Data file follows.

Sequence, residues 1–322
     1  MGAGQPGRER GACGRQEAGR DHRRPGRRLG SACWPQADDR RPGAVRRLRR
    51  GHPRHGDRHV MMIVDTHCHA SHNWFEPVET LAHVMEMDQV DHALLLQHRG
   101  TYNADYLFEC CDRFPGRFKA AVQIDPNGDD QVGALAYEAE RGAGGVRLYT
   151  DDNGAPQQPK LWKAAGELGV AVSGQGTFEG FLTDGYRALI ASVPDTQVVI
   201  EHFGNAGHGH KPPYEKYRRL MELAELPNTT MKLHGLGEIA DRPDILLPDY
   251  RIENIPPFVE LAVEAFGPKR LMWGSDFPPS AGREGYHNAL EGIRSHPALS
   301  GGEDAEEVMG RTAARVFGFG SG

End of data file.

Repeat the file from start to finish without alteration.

Sequence, residues 1–322
     1  MGAGQPGRER GACGRQEAGR DHRRPGRRLG SACWPQADDR RPGAVRRLRR
    51  GHPRHGDRHV MMIVDTHCHA SHNWFEPVET LAHVMEMDQV DHALLLQHRG
   101  TYNADYLFEC CDRFPGRFKA AVQIDPNGDD QVGALAYEAE RGAGGVRLYT
   151  DDNGAPQQPK LWKAAGELGV AVSGQGTFEG FLTDGYRALI ASVPDTQVVI
   201  EHFGNAGHGH KPPYEKYRRL MELAELPNTT MKLHGLGEIA DRPDILLPDY
   251  RIENIPPFVE LAVEAFGPKR LMWGSDFPPS AGREGYHNAL EGIRSHPALS
   301  GGEDAEEVMG RTAARVFGFG SG